Daily Texan: I was first exposed to your work with “Turtle Keep It Steady,” probably from that “Best American Comics” compilation. You mentioned in “I Will Bite You’s” liner notes that this was a class assignment at the Center for Cartoon Studies. What were some interesting insights you think you learned from academia? If that’s a little too general of a question, what was something you learned particularity from this assignment?
Joe Lambert: The idea for “Turtle” came from a sketchbook doodle, so I learned to really trust my sketchbook as a place for cultivating ideas.
DT: Kids figure prominently in your work (“I Will Bite You!” has only two stories without kids as central characters; “Turtle” and the caveman story), particularly kids at odds with their suburban environment. What draws you to these kids’ mischievous explorations?
JL: I’m very interested in exploring my childhood memories, especially in relation to my adulthood. Seeing my youth from the perspective of my current age gives me a hindsight to see patterns and reccurring themes, and I like exploring those themes through my characters. I have a harder time writing adult [characters] because I don’t have the same perspective on my own adulthood the same way I do with my childhood. Another thing with the stories in “I Will Bite You!” is that they are all very basic and plain as far as character motivations and conflict. I don’t like the stories to get too cluttered so I tend to keep the story elements simple, and I find kid characters are the easiest to understand when it comes to simple emotional motivations. Kids are complex, but they often respond to things in basic, visceral ways. So when one sees an angry kid it’s easy to recognize the emotion and sympathize and continue with the rest of the story. I think it’s more difficult to do that with adults because our motivations are more cluttered. I’m being very general here.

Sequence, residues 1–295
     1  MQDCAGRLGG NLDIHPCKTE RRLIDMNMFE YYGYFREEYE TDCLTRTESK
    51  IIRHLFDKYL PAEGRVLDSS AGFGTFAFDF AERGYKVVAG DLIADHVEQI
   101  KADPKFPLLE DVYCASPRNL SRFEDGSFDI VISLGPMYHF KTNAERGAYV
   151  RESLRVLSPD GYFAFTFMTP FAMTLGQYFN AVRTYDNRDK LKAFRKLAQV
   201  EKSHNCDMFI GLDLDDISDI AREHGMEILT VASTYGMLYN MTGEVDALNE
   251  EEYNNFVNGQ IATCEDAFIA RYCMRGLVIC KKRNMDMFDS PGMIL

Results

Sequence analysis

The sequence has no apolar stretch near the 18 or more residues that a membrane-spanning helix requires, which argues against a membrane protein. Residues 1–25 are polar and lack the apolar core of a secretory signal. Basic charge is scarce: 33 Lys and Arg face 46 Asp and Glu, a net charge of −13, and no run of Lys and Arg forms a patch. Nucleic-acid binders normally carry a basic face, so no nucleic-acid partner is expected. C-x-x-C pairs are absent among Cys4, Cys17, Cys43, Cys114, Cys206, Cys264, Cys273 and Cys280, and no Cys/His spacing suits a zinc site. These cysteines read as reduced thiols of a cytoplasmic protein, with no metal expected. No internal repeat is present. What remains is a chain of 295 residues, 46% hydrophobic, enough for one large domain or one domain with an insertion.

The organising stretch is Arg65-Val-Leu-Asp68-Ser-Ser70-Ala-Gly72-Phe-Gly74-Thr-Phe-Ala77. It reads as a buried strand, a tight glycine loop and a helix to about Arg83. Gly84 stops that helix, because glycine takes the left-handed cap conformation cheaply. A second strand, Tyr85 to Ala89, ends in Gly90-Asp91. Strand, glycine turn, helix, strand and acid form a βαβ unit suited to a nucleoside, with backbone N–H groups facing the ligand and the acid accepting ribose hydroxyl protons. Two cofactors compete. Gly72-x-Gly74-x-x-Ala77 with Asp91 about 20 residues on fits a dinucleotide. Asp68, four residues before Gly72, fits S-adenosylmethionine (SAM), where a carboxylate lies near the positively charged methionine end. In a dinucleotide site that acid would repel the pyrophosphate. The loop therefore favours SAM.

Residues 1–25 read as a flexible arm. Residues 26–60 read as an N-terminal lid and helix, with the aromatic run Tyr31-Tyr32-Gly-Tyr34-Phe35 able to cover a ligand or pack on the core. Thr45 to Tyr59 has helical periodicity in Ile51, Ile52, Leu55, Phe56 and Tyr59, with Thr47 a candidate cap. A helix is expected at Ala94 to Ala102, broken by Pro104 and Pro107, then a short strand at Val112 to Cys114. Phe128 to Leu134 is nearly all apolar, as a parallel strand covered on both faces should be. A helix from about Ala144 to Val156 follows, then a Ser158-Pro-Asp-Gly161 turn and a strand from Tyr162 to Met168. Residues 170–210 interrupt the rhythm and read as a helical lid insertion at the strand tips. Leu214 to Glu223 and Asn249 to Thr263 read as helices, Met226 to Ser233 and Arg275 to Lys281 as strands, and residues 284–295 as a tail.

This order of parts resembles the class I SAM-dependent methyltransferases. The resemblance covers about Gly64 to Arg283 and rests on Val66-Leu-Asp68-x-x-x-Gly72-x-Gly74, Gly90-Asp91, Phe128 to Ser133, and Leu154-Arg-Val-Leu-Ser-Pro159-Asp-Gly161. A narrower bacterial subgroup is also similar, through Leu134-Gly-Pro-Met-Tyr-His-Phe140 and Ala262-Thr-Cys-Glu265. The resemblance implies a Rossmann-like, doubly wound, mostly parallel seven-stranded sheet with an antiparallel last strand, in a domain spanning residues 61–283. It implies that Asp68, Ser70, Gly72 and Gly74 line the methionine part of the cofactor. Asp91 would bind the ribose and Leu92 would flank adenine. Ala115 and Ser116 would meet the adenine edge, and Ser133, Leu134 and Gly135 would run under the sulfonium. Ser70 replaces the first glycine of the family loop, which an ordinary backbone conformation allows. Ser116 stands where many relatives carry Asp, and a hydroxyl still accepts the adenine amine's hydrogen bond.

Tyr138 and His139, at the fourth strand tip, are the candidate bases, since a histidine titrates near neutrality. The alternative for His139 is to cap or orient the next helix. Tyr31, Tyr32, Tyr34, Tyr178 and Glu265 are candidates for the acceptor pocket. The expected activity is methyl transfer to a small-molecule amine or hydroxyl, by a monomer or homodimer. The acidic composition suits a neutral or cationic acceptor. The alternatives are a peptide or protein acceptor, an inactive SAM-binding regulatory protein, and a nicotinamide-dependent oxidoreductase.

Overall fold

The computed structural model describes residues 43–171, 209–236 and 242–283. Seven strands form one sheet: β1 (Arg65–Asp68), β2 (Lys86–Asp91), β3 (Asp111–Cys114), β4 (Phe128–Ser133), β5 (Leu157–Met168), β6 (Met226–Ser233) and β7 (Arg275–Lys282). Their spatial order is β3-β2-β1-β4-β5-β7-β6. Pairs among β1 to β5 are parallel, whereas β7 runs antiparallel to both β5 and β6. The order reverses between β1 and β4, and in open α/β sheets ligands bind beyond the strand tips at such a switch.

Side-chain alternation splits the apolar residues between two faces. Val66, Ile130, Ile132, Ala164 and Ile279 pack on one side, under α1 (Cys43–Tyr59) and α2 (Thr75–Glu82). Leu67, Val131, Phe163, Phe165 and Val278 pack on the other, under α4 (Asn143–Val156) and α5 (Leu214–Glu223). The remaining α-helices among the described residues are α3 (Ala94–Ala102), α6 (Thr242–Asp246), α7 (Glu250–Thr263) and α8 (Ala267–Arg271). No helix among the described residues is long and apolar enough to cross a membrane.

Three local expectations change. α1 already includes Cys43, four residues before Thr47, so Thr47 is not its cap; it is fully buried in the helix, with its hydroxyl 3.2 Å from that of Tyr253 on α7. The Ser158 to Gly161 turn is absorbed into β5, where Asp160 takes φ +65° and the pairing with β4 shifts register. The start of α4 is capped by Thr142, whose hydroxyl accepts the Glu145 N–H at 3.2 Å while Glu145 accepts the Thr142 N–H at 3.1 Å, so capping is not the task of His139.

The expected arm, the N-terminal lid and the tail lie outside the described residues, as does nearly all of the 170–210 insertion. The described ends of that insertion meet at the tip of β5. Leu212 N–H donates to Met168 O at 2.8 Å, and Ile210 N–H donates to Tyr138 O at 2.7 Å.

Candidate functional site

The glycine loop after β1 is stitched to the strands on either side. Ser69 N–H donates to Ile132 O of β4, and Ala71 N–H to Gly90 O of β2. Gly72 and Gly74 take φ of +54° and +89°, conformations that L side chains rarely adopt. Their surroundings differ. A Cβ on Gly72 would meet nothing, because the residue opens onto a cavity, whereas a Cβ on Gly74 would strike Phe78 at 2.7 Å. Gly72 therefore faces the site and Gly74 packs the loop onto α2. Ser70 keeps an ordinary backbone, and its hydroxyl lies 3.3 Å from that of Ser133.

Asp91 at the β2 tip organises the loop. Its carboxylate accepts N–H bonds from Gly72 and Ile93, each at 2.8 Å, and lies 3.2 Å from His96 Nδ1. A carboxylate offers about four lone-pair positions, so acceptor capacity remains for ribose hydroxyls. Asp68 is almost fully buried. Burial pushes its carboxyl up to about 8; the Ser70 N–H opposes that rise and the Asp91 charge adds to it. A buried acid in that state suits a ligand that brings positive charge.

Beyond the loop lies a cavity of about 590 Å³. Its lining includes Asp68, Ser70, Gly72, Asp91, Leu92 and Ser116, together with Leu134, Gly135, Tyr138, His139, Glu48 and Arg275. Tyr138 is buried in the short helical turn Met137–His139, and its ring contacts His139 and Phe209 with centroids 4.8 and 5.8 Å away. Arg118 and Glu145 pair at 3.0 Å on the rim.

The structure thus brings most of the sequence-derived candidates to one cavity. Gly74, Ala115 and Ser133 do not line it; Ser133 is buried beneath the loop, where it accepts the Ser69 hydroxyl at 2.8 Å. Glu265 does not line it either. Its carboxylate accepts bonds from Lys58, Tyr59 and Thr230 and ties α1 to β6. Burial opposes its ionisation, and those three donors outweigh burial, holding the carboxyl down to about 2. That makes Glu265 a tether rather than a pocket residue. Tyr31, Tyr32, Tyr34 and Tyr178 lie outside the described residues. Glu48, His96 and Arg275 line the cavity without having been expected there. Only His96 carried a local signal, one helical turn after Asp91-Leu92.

DT: I personally, having younger siblings, identified with the older character in “Mom Said.” What year is it in the story? I really dig the abstraction of the music in the piece. What song is the older brother listening to as he’s trying to ignore his brothers?
JL: I guess I placed “Mom Said” during my childhood, in the ’90s. Though I don’t know if there is anything that is specific to any time. I guess the stereo is older than something from the ’70s. And the calculator is loosely based on one from Dieter Rams [a functionalist industrial designer], which could have been purchased in the ’80s. Truthfully, I wasn’t really thinking of a specific song the kid is listening to. And even if I was, I don’t think I would say, keeping it open makes it easier for you to apply whatever song you want it to be. Something loud though, I think.
DT: Speaking of abstraction, that was an awesome CF-ish [“Powr Mastrs Vol. 3“] page near the tail end of “Too Far.” You have a strong vision for the fantastic; what are some influences for the more phantasmagorical influences of your work?
JL: I’m not great at identifying my influences. I just end up naming everyone I like. I think what I strive for most is clarity. I think the thing I’m most influenced by lately are scenes that are staged clearly. I can’t think of an example, but I know I’ve noticed it lately. I also think I’ve been inversely influenced by all the crappy superhero comics I read growing up in the nineties, with the absurd panel layouts and poorly staged action, or movies where the action is messy and shaky. So with fantastical scenes like the one you mentioned I’m mostly influenced by the urge to show the fantasy elements as clearly as I show everything else so that there is a clean juxtaposition. I guess. I’m kind of dancing around the fact that I’m spacing on naming my influences.